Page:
Other USDA economists, however, argue that price trends for fruits, vegetables, and junk foods are really no different, and that the data shown in the figure overstate the apparent difference.

Nevertheless, the Seattle paper got a lot of attention, and rightly so.  One of my calls was from David Freeman of CBS News who said he was hearing lots of complaints that the study promoted a “nanny state” because it blamed bad eating habits on the government.  My quotes:

“It’s a common misconception that food choices are solely a matter of personal responsibility,” Dr. Marion Nestle, professor of nutrition, food studies, and public health at New York University and an outspoken critic of the fast food industry, told CBS News. “People are hugely influenced by the price of food. If you don’t have any money and go into the store to buy some fresh fruits, you might decide that it’s cheaper to have a couple of fast food hamburgers.”

And those who can afford healthy food may lack the time or the necessary food-preparation skills, Dr. Nestle said.

Government-sponsored cooking classes and kitchen equipment may not be in the offing. But Dr. Monsivais and Dr. Nestle agreed that federal agriculture policies could do more to encourage healthy eating. For example, some of the federal farm subsidies now directed to producers of corn, soybeans, and other crops used to make fast and processed foods could be redirected to growers of fruits and vegetables.

“What’s the matter with that?” Dr. Nestle said. “I can’t think of a thing.”

Jun 14 2011

Environmental Working Group’s “dirty dozen”

The Environmental Working Group (EWG) has just published its 2011 guide to the most and least pesticide-laden fruits and vegetables.

The #1 “dirtiest”?  Apples.  The remedy?  Buy from the EWG “clean 15” list or buy organic.

The “dirty dozen” list, in order: Apples, Celery, Strawberries, Peaches, Spinach, Imported nectarines, Imported grapes, Sweet bell peppers, Potatoes, Domestic blueberries, Lettuce, Kale/collard greens.

The “clean 15” list of foods with the least pesticides: Onions, Sweet corn, Pineapples, Avocados, Asparagus, Sweet peas, Mangoes, Eggplant, Domestic cantaloupe, Kiwifruit, Cabbage, Watermelon, Sweet potatoes, Grapefruit, Mushrooms

How much should you worry about pesticides on foods?  As one reader asked,

Is it better to eat conventional fruits (cherries, berries and apples) and other veggies (peppers) that are on the “dirty” vegetable list or forego them altogether?

This is not an easy question to answer.  EWG recognizes that the science linking pesticides to health problems is limited (this is an understatement).  EWG bases its rankings on data published by USDA and FDA.  It considers:

  • Percent of samples tested with detectable pesticides
  • Percent of samples with two or more pesticides
  • Average number of pesticides found on a single sample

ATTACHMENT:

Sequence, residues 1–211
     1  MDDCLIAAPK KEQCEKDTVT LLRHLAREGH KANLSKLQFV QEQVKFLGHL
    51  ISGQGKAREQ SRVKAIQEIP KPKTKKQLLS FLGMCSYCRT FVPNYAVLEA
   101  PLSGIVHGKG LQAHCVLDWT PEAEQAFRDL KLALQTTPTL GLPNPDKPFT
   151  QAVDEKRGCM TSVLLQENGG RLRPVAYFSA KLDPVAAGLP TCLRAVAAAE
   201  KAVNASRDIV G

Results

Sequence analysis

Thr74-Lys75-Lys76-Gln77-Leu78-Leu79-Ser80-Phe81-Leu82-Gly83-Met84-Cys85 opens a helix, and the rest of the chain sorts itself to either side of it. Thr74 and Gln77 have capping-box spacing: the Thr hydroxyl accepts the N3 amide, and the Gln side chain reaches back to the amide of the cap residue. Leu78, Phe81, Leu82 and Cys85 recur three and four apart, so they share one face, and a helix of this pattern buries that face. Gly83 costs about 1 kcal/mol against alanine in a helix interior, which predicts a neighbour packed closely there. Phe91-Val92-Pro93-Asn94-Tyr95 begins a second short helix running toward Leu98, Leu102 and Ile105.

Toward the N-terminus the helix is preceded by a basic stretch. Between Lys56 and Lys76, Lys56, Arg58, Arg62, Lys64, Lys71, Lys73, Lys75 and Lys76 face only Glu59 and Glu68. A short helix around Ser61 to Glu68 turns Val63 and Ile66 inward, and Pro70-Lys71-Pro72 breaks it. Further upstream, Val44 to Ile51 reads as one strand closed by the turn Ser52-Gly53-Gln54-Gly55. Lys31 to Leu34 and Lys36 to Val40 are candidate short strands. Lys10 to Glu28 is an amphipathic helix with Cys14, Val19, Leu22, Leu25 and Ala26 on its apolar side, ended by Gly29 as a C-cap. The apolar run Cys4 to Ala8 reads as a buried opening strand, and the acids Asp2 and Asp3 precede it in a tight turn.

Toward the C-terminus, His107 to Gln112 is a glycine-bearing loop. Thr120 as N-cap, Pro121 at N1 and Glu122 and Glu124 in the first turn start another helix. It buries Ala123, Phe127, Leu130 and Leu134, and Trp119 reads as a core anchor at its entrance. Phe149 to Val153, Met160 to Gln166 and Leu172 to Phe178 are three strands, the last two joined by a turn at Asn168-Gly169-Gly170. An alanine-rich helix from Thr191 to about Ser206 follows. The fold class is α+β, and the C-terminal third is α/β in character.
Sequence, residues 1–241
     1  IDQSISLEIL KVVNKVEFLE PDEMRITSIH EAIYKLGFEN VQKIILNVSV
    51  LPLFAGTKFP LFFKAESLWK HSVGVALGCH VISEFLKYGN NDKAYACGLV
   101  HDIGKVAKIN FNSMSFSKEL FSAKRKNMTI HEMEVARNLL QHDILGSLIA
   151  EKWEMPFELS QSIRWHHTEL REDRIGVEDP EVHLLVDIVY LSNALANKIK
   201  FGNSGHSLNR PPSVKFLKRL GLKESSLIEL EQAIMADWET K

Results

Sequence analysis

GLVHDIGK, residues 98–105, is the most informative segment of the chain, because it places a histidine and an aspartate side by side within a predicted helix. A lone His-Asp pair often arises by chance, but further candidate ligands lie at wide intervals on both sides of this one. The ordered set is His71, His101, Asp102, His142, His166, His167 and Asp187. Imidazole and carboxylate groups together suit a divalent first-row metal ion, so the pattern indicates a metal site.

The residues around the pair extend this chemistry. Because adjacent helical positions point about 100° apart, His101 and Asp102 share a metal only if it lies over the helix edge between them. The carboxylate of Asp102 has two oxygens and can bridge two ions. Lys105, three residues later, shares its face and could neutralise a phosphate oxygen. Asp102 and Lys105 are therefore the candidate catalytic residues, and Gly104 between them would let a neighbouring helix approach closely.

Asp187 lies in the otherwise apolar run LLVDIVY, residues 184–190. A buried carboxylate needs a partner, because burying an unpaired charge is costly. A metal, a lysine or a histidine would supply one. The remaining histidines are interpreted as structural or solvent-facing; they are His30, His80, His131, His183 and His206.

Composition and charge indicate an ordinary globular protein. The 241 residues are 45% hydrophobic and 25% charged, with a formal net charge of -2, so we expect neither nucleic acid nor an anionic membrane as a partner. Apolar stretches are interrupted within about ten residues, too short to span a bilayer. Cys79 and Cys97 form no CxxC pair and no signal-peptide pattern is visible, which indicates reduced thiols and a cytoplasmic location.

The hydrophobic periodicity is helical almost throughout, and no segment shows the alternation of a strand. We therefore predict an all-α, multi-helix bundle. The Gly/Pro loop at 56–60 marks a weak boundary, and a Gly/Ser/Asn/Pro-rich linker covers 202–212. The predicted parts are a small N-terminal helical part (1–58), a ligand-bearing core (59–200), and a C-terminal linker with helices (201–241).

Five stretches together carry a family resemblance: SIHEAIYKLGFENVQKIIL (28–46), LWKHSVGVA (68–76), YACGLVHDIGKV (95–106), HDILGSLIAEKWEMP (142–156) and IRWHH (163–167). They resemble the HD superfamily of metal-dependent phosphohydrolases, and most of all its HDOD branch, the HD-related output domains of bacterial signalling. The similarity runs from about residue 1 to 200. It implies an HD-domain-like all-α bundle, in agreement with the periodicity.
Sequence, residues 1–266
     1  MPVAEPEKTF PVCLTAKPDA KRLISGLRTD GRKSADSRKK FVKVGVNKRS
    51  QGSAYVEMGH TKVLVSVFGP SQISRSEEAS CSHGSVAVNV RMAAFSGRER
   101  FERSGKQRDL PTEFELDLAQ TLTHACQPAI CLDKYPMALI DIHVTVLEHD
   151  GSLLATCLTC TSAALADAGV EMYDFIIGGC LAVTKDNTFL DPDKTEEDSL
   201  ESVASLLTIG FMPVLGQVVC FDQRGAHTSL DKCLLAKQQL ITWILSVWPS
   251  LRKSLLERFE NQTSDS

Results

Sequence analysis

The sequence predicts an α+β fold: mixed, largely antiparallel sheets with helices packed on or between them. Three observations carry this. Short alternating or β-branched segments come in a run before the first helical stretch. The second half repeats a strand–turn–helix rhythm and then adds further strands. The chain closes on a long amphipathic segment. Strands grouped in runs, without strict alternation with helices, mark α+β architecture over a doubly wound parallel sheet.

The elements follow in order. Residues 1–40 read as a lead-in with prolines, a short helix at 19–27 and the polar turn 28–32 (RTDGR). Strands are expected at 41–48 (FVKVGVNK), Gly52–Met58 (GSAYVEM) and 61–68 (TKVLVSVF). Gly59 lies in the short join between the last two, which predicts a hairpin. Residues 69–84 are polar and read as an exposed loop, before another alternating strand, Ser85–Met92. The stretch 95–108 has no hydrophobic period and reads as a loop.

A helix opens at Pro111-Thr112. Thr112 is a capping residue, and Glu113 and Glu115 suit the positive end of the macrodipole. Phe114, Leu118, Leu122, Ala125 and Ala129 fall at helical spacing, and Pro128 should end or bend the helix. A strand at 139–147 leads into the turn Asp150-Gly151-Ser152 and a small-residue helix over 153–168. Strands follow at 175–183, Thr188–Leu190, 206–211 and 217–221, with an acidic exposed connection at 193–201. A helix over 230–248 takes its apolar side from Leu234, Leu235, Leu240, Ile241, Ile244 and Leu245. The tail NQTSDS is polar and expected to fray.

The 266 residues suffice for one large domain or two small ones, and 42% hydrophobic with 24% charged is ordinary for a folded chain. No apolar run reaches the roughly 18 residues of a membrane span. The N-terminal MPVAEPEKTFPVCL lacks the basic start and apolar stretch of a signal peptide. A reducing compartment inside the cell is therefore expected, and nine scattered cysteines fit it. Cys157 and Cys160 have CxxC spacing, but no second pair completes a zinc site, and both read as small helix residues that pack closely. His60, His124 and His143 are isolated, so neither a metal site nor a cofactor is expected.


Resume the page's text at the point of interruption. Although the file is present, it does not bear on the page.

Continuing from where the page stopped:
• Average amount (level in parts per million) of all pesticides found
  • Maximum number of pesticides found on a single sample
  • Total number of pesticides found on the commodity

EWG explains that its

Shopper’s Guide is not built on a complex assessment of pesticide risks but instead reflects the overall pesticide loads of common fruits and vegetables. This approach best captures the uncertainties of the risks of pesticide exposure and gives shoppers confidence that when they follow the guide they are buying foods with consistently lower overall levels of pesticide contamination.

Most available research supports the health benefits of eating fruits and vegetables regardless of their pesticide loads.  Ken Cook, the president of EWG says:

We recommend that people eat healthy by eating more fruits and vegetables, whether conventional or organic,” says Ken Cook, president and founder of Environmental Working Group. “But people don’t want to eat pesticides with their produce if they don’t have to. And with EWG’s guide, they don’t.”

By EWG calculations, you can lower your pesticide intake by 92% if you avoid the dirty dozen.  No wonder.  How’s this for an observation: “Hot peppers had been treated with as many as 97 pesticides, followed by cucumbers (68) and greens (66).”  Who knew?

Where is the produce industry in all of this?  EWG reports that produce trade associations are working hand-in-glove with the pesticide industry to attempt to keep information about these chemicals out of the public eye.

I wish more research existed on the dose-response effects of pesticides and on their long-term effects on health, especially in children.  I cannot imagine that pesticides are good for health.  In high doses, they are demonstrably harmful to farm workers.

But what about the low doses on fruits and vegetables?  Here, the evidence for long-term harm is weak, uncertain, and unhelpful.

What to do?

On the personal side: if you want to avoid eating pesticides, you can stick with the EWG 15.  Washing produce before eating it is always a good idea even if it doesn’t get rid of all of the chemicals (USDA studies are done on washed produce).  When in doubt, buy organic.